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Smaller industries

Tannery | Turner Heath mill | Home weaving | Fulling mill / Waulk mill | Neaves hat factory |

There were a number of small industries in Bollington and some are mentioned here.


This was an 18thC business run by the brothers Elias and Peter Lomas. It was located where Brook House is today, on Wellington Road. The mill was water powered. The process also uses a lot of water, and tanneries were notorious for polluting their local watercourse, as well as being most unpleasantly odorous.

Peter Lomas went on to build the first Waterhouse mill on the site behind the tannery. It is not known whether they kept the tannery going once the cotton mill was running.

Peter Lomas

Turner Heath mill

This mill was located behind Turner Heath House, in Bollington Road, when Philip Antrobus lived there in the 1820s. Just a part of a wall remains. We know that in 1832 it comprised a warehouse, dye house, weaving shop, engine house, and steam engine. This was detailed in an Act of Parliament used to modify Philip Antrobus’s Will. However, we do not know whether it was for cotton or silk.

Wall of Turner Heath mill

Home weaving

There are a number of cottages in Bollington that were clearly built with a garret (attic) floor to be used for home working, usually weaving. There are some examples in Water Street, as well as the cottages at the bottom of Beeston Brow. Silk weaving was carried on at cottages in Clarke Lane.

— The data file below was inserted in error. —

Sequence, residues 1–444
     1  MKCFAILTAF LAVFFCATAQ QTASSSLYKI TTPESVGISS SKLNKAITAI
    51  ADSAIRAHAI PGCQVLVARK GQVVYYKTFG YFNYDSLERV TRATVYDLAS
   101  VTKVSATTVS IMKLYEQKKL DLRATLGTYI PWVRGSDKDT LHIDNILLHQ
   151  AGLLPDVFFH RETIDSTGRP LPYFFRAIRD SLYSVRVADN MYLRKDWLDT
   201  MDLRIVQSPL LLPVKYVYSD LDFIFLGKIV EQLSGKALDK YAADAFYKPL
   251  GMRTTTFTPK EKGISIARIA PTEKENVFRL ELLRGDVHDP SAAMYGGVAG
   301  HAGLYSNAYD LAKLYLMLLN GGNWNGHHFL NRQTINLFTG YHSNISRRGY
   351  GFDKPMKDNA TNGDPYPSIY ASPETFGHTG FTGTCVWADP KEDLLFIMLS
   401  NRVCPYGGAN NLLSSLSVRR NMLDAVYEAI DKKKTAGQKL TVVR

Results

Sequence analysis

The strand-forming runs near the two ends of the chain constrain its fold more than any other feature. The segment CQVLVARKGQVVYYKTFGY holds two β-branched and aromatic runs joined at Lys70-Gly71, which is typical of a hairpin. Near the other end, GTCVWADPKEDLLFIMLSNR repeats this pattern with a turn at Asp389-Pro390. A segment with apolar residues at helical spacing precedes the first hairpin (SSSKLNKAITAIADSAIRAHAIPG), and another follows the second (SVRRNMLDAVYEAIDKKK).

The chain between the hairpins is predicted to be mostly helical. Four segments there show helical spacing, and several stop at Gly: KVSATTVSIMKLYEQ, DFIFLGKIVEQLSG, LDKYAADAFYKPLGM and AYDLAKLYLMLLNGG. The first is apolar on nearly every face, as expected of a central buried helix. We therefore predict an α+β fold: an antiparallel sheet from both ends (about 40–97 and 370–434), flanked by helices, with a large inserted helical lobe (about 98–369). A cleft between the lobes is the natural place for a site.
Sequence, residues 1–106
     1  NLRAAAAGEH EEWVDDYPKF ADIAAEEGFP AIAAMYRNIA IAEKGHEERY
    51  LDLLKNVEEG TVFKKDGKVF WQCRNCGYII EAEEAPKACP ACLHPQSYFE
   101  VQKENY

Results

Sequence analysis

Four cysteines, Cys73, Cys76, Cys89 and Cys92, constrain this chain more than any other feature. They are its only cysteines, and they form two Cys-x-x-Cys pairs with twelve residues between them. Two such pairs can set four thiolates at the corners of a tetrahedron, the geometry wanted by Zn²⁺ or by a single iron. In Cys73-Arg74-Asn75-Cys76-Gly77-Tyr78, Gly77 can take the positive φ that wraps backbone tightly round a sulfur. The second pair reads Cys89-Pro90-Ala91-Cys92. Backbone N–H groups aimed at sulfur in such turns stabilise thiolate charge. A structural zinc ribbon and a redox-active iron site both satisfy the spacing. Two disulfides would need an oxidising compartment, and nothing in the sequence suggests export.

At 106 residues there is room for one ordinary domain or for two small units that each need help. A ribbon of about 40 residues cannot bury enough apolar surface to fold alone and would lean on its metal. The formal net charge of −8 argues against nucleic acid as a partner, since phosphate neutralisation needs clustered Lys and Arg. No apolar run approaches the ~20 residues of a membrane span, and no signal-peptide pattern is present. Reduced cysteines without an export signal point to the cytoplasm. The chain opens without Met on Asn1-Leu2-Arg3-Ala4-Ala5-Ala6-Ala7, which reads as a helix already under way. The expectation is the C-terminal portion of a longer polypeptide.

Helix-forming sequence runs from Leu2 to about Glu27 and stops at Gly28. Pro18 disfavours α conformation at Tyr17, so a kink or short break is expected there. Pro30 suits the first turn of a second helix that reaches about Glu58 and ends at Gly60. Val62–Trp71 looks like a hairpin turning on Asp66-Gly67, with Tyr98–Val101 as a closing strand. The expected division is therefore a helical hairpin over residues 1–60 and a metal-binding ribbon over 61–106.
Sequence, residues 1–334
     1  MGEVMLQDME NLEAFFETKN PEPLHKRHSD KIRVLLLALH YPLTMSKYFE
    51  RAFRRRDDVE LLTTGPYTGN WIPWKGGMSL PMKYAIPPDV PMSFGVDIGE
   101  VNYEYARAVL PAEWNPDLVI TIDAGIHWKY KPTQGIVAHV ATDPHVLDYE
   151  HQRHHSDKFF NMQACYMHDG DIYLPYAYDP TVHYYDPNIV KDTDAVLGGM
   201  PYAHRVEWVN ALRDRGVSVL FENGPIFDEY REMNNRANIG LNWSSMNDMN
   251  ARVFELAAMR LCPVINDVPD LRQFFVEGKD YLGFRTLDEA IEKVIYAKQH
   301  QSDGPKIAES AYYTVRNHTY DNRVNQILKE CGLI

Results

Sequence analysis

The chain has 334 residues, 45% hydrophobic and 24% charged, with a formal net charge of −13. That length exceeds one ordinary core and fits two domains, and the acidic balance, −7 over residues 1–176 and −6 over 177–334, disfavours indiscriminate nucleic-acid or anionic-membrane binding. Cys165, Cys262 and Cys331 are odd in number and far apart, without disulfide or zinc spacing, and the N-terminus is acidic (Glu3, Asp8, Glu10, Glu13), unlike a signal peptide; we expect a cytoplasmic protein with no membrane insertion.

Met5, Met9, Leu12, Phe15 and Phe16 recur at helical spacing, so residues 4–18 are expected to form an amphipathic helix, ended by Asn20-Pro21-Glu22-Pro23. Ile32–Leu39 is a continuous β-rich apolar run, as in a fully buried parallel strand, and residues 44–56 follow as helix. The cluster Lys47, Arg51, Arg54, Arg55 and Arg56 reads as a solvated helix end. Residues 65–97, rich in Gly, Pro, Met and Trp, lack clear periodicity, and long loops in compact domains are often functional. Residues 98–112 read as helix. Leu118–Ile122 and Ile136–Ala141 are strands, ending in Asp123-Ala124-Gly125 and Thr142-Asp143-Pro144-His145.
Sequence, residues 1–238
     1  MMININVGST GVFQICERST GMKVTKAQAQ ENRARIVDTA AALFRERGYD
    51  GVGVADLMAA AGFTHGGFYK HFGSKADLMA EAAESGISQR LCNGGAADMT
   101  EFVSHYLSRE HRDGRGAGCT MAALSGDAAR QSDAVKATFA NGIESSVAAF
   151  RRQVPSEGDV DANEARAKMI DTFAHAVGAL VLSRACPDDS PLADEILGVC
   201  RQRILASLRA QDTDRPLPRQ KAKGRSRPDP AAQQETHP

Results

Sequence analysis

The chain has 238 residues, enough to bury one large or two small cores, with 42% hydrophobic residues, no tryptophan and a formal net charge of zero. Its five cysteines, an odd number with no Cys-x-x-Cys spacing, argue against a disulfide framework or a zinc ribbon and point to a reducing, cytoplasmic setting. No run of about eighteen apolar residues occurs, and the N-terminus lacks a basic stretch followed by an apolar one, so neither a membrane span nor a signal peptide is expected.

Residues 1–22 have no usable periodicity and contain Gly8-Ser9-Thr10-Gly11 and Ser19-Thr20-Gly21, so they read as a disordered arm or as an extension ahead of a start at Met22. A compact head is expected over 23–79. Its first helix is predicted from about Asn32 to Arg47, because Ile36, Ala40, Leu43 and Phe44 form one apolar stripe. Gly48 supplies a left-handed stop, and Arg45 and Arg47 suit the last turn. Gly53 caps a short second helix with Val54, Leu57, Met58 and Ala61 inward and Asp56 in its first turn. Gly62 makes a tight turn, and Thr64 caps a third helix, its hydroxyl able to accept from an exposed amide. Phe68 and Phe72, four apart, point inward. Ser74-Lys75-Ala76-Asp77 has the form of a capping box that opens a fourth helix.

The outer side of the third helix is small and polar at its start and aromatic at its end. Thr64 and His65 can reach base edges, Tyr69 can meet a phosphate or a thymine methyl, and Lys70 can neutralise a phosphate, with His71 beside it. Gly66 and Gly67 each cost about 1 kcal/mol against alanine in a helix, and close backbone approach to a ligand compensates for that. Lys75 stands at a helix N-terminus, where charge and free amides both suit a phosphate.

Fulling mill / Waulk mill

Fulling and waulking are processes applied to the preparation and cleaning of wool prior to spinning it into thread. This mill almost certainly pre-dates the cotton industry in Bollington. While there is evidence that there was a fulling mill in the valley of the river Dean, there is none to show where it was! The most likely location is somewhere up Ingersley Vale, near to the houses there which carry the name of Waulk mill. There is a high probability that the two processes were carried out in the same or adjacent premises.

Neaves hat factory

This was located in Higher mill, just one of the many businesses that have been located there over the years.


Our thanks go to those who researched and discovered the history that is presented in these pages. Please read the full acknowledgement of their remarkable achievement. Unless otherwise noted, the historical pictures are from the Civic Society picture collection at the  Discovery Centre  and also available online.

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